February 3, 2009

Princeton Prof Lectures on Nuclear Weapon Challenges

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Prof. Frank von Hippel, public and international affairs at Princeton University, lectured yesterday at the A.D. White House on the challenges of a global cleanout of nuclear-weapon materials, namely highly enriched uranium and plutonium.
The Cornell International Affairs Review sponsored the lecture, called “Toward a Global Cleanout of Nuclear-weapon Materials.” Since it was established last year, CIAR is committed to promoting “an international, interdisciplinary and intergenerational approach to foreign policy,” said Luis de Lencquesaing ’10, president of CIAR.[img_assist|nid=34693|title=Make a point|desc=|link=node|align=left|width=|height=0]
“In the context of an unstable world order, the question of nuclear proliferation remains,” de Lencquesaing stated in an introductory speech. “It is important to reflect on the risks implied by these weapons that have the capacity of destroying our world.”
Von Hippel, who is co-chair in the International Panel on Fissile Materials, began his lecture with a background on nuclear weapons. According to the professor, the design of the uranium bomb dropped on Hiroshima was simple and easy to copy. The simplicity of the design has been a concern for the U.S. government, which is threatened by terrorists’ attempts to create a bomb based on the same design.
The professor went on to discuss Iran’s nuclear-weapon materials and the threat Iran poses to the U.S.
“Iran is not currently producing weapon-grade uranium, and bombing of its known enrichment facility would probably start if the IAEA [International Atomic Energy Agency] detected it doing so,” von Hippel said. “The real danger, therefore, is that Iran may have a clandestine facility.”
According to the professor, what is needed is more transparency to Iran’s nuclear activities. Iran used to give complete access to its facilities to IAEA. However, IAEA turned over the issue to the U.N. Security Council in 2006, and Iran has refused to give more access than the minimum legal obligation ever since as an NPT non-weapon state.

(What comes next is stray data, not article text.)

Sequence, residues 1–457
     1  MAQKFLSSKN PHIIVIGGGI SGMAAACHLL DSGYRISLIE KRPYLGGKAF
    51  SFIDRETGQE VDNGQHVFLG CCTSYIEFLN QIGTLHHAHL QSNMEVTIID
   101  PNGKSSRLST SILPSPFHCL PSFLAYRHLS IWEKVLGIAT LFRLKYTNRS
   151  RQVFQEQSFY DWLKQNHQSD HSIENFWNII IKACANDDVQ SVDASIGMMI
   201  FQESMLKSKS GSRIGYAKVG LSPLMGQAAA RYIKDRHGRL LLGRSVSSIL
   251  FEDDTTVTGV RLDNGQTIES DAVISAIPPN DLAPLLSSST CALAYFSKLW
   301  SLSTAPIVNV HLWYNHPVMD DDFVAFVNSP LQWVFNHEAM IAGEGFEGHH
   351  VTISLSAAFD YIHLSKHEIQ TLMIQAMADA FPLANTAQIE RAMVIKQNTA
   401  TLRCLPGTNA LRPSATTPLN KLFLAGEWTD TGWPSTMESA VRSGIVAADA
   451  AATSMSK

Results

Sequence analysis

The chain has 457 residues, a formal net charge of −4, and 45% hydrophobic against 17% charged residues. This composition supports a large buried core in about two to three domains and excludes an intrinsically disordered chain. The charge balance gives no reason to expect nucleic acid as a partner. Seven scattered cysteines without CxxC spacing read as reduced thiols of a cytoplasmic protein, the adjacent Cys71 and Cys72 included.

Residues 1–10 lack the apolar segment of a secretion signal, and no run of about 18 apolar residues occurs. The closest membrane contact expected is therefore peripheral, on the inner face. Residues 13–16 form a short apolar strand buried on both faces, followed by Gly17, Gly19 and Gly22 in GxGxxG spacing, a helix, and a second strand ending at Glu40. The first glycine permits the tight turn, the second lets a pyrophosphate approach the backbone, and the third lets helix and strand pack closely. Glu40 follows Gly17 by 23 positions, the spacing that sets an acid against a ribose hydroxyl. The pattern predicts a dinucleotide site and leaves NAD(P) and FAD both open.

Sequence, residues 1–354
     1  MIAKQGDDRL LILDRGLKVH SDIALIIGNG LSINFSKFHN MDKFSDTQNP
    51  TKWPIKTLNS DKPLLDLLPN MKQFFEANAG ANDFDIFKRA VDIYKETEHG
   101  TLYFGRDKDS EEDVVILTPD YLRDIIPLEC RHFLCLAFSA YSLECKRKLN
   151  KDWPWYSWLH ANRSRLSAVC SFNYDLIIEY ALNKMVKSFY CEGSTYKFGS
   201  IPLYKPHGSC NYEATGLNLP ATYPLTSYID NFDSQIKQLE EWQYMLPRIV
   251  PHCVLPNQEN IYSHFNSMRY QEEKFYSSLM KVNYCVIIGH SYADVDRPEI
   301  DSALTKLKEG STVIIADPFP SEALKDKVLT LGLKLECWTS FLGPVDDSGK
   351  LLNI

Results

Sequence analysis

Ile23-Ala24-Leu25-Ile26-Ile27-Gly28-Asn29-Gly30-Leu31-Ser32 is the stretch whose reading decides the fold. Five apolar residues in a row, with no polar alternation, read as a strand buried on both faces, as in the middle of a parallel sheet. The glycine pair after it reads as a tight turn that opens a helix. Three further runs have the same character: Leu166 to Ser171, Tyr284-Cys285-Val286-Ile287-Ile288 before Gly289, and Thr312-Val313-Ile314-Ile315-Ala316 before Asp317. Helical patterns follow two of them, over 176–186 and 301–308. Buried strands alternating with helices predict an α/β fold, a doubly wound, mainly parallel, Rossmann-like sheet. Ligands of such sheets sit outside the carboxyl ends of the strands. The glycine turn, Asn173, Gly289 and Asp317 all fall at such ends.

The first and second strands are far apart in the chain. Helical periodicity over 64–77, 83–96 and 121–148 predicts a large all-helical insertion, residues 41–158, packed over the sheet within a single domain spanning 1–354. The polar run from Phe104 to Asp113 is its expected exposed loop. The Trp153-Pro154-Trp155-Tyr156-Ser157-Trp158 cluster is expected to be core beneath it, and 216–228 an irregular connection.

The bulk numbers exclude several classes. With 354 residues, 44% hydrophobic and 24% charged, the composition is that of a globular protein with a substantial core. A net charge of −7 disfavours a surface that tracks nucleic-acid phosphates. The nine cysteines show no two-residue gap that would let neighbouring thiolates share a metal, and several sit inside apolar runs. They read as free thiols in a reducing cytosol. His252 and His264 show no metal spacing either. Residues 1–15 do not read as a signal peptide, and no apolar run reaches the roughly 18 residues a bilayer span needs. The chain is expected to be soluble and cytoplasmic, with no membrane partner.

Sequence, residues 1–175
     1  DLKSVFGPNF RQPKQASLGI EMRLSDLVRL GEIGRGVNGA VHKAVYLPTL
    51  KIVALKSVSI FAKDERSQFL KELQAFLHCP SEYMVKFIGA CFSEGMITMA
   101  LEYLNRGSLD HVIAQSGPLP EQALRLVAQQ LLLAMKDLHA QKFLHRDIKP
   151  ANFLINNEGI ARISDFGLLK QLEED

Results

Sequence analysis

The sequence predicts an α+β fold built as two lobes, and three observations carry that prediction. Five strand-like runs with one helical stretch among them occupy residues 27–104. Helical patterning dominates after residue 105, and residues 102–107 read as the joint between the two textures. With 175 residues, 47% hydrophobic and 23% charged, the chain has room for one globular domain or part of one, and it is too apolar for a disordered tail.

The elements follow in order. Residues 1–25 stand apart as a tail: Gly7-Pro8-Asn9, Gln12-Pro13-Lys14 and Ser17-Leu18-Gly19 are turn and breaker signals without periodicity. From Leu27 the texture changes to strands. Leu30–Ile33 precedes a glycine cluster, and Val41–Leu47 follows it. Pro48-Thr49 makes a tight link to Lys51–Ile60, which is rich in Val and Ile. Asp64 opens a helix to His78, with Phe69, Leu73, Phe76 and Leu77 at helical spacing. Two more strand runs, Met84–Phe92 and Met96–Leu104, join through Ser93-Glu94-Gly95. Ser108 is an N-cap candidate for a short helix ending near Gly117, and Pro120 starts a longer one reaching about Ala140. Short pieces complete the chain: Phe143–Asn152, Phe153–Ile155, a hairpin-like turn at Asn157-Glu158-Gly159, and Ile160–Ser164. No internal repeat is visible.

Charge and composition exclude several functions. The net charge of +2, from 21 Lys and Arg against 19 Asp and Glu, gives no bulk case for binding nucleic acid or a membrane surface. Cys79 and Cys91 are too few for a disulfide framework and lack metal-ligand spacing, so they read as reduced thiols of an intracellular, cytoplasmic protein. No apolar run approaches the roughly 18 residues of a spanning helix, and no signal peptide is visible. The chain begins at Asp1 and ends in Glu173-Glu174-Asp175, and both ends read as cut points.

The Bush administration has been rigid in its policies toward Iran, leading to rising tension in U.S.-Iran relations. Von Hippel hopes to see more diplomacy in the Obama’s dealings with Iran.
“Hopefully, the Obama administration will be more flexible in its dealings with Iran,” said von Hippel.
Globally, the approval of “Fissile Material Cutoff Treaty” would be a major step towards a nuclear material cleanout. This treaty would ban the worldwide production of more fissile materials for nuclear weapons. Although countries such as China, France, North Korea, Russia, the United Kingdom and the United States have all stopped producing them, Indian, Pakistan and probably Israel have not, according to von Hippel.
Since 1993, the U.N. General Assembly has proposed to start negotiations on the cleanout at “The Conference on Disarmament” in Geneva. However, the negotiations have not yet begun due to disagreements over linkages to other negotiations.
During the question and answer session, De Lencquesaing asked whether von Hippel believes the 21st century is safer compared to the Cold War period. The professor replied that he does believe that we live in a safer world, considering that nuclear weapons have not been used for over 60 years.
Rob Morrissey ’12 also asked what the professor’s stance was on “nuclear power as an energy source given today’s concern for civilian safety.”
Von Hippel replied that he was not against nuclear power as an energy source but was against nuclear reprocessing as a way of managing nuclear waste.
“Reprocessing increases the danger of nuclear terrorism,” von Hippel said.
After the lecture, the professor received a wide applause from an approximately 70-person audience.
Adam Piel ‘09 came out of the lecture with a greater understanding and interest in the field of nuclear proliferation.
“Professor von Hippel’s passion for the subject was apparent in his presentation,” Piel said. “it made me want to learn more about ways to clean out nuclear materials.”